Tony Abbott’s tribute to George Pell was criticized by Jacqueline Felgate of & News

Former prime minister Tony Abbott’s tribute to Australia’s most powerful Catholic, George Pell, has raised eyebrows following the controversial church leader’s death on Wednesday.

Cardinal Pell died at the age of 81 in a Rome hospital after suffering complications from hip replacement surgery.

He returned to the Vatican in September 2020, six months after being acquitted of convictions for child sexual abuse.

Abbott called Cardinal Pell a “great leader” in his statement.

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“As an ecclesiastical and cultural conservative, he attracted praise and blame from all quarters as expected,” Abbott said.

“His imprisonment on charges which the High Court eventually scathingly dismissed was a modern form of crucifixion – reputationally at least a kind of living death.

“His prison diaries should become a classic: an excellent man struggling with a cruel fate and trying to make sense of the injustice of suffering.

“In his way, in dealing with such a monstrous accusation, he seems to me a saint of our time.

“Like all who knew him, I feel a deep sense of loss, but I am sure his reputation will grow and grow and become an inspiration for the ages.”

But a popular Australian news anchor criticized the tribute to Mr. Abbott as unacceptable.

Former Channel 7 news presenter Jacqueline Felgate shared an image of Tony Abbott’s statement in the moments after it was published along with a brutal three-word caption.

“Beyond the pale,” he wrote.

Some of his high-profile supporters agreed.

“This can’t be real,” Neighbours Olympia star Valance replied.

She wasn’t alone. Critics wasted no time in making their feelings known online after news of Pell’s death broke.

“George Pell has died. This will be a very emotional day for many people. Thinking of them” Four corners Journalist Louise Milligan, who has reported extensively on the Catholic leader, tweeted.

“Thinking of the victims and their families who were treated so appallingly by this man and his lieutenants over many decades.” wrote reporter Suzie Smith, who has also reported extensively on Pell.

News.com.au contributor Nina Funnell said her thoughts were also with survivors of abuse at the hands of the church.

“Today I remember all the victims and survivors of child sexual abuse who were harmed by him and all the pedophiles he covered,” he tweeted.

“Today I remember all those victims who are no longer with us. And I stand with all those survivors who are still there.”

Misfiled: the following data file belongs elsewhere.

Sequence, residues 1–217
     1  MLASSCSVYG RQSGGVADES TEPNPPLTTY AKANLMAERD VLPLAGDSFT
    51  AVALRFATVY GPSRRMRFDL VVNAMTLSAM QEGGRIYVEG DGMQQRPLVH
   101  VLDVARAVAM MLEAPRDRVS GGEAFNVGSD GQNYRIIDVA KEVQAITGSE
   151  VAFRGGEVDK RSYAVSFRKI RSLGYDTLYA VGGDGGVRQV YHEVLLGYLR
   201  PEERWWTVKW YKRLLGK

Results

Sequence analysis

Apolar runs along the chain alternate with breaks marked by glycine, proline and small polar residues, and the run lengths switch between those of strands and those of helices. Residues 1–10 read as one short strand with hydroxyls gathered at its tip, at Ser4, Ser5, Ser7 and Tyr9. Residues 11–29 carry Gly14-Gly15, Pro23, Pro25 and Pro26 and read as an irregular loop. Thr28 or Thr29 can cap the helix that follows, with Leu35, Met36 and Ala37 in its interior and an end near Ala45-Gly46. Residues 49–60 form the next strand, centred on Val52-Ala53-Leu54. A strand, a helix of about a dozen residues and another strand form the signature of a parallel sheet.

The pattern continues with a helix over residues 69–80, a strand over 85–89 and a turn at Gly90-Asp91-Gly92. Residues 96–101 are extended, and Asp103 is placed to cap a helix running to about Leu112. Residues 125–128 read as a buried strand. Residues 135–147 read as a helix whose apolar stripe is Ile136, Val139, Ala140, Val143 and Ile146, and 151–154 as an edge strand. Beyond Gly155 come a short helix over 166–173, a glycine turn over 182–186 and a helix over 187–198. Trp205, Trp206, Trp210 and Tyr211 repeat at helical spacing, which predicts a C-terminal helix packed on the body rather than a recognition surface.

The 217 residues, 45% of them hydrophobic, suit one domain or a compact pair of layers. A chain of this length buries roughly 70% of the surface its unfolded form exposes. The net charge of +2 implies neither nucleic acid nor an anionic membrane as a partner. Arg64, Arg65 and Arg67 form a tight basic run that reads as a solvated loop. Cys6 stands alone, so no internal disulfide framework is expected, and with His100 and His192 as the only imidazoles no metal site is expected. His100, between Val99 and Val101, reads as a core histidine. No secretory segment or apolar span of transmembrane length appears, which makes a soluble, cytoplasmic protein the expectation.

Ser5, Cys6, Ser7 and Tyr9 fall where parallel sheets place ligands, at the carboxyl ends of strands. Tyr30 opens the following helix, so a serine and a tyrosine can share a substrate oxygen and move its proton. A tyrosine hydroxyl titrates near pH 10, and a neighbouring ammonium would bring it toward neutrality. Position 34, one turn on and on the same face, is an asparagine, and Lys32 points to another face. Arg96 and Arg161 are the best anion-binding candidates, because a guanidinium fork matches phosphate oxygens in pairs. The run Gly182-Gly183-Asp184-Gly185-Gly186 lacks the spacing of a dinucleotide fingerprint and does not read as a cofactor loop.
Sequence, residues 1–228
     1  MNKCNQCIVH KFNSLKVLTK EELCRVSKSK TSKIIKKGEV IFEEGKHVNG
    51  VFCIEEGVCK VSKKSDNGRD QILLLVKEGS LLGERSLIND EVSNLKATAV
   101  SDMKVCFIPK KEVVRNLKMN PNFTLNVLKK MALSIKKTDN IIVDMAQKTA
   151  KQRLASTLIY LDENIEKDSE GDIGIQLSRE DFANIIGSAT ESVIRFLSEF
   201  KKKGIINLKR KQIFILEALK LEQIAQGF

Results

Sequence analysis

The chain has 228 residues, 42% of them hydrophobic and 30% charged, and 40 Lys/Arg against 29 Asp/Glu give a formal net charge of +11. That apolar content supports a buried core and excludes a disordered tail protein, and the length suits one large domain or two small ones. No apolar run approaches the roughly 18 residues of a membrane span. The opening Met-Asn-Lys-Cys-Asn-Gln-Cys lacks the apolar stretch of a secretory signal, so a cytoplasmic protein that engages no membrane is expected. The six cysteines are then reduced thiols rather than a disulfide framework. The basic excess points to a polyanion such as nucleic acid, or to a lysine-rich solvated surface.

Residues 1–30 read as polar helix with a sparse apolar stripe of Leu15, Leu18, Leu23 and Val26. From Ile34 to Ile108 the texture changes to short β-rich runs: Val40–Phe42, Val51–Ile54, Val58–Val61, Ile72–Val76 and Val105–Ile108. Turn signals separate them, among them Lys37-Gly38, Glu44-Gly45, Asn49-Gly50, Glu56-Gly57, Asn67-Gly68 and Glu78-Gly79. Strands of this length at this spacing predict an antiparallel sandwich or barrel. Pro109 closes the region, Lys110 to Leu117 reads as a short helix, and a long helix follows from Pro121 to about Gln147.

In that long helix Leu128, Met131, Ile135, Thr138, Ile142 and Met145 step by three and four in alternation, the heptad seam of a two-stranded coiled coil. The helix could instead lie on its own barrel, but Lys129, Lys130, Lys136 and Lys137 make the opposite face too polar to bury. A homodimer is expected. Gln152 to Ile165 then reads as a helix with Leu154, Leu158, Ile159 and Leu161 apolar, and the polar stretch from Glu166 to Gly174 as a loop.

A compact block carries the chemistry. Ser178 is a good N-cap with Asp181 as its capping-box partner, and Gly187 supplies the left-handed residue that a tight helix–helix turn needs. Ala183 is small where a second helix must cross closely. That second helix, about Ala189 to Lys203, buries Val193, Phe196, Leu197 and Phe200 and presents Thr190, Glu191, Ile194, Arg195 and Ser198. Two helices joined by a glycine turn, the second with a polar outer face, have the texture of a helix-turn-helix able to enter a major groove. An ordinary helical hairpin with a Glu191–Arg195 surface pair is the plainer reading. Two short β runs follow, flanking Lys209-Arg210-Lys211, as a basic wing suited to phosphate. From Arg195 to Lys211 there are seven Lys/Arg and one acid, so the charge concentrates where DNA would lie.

Tourism, Sports, Major Events and Creative Industries Minister Steve Dimopoulos said it was a difficult day for a number of reasons.

“Today would be a very difficult day for the Cardinal’s family and loved ones, but also very difficult for survivors and victims of child sexual abuse and their families, and my thoughts are with them,” he said.

Iconic Australian actor Magda Szubanski simply tweeted: “George Pell is dead. If you can’t say anything nice about someone…”

Abbott was not alone among a wave of church leaders and conservatives in mourning Pell’s loss and defending his legacy.

“It is with great sadness that we learn the news that Cardinal George Pell died a few hours ago of heart complications after hip surgery. May eternal light now be his, who believed so firmly in the God of Jesus Christ” , said the Archbishop of Melbourne, Peter A Comensoli.

News Corp’s Andrew Bolt wrote in a column written on Wednesday that Pell was the victim of unfair media criticism and was an “inspirational” man.

“Check out the taunts on Twitter about Pell’s death: ‘rot in hell, half-breed,’ and ‘need to know if George Pell felt any pain before he died like a cockroach,'” he wrote.

“Pell, a Christian, would never have been so ruthless. This is the great moral chasm: Christians vs. barbarians, into which he fell.”

“One of the two ‘victims’ even told her parents that there was no rape, and the Court decided, seven judges to no avail, Pell was innocent.

Pell always suspected that Vatican clerics planted or supported these outlandish accusations to prevent him from investigating them for corruption. One of his enemies is now on trial.

“Yet to this day, thousands of Australians still prefer this lie by Pell the peofile, and the ABC has never apologized for pushing it. Like Nero, they would rather crucify an innocent Christian than listen the truth”.

Mount Isa federal crossbencher Bob Katter described the public’s treatment of Pell as “evil”.

“The persecution and imprisonment of Pell was evil,” he wrote.

“Pell’s hero was Jesus Christ, he died cruelly on a cross. The “ideological humanists” who manifest ambition every day of their lives, Pell’s hero called them “white tombs”.

“A man of great determination to do good, but the cruelty of his last years reminds us that, as Christians, persecution is almost our identifying marker.

“But let us be inspired by this towering figure, who while imprisoned and destroyed, never muttered a bad word against the fascist forces that assailed him.”

Victorian Premier Daniel Andrews on Thursday ruled out holding a state memorial service for the late cardinal, saying he could think of nothing “more distressing” for the “survivors of the victims”. “I think, more importantly, it’s going to be a very difficult time for the survivors of the victims, to send the message as clearly as possible that we see you, we believe you, we support you,” he said.

Originally published as ‘Beyond the Pale’: Seven anchor Pell’s brutal reaction

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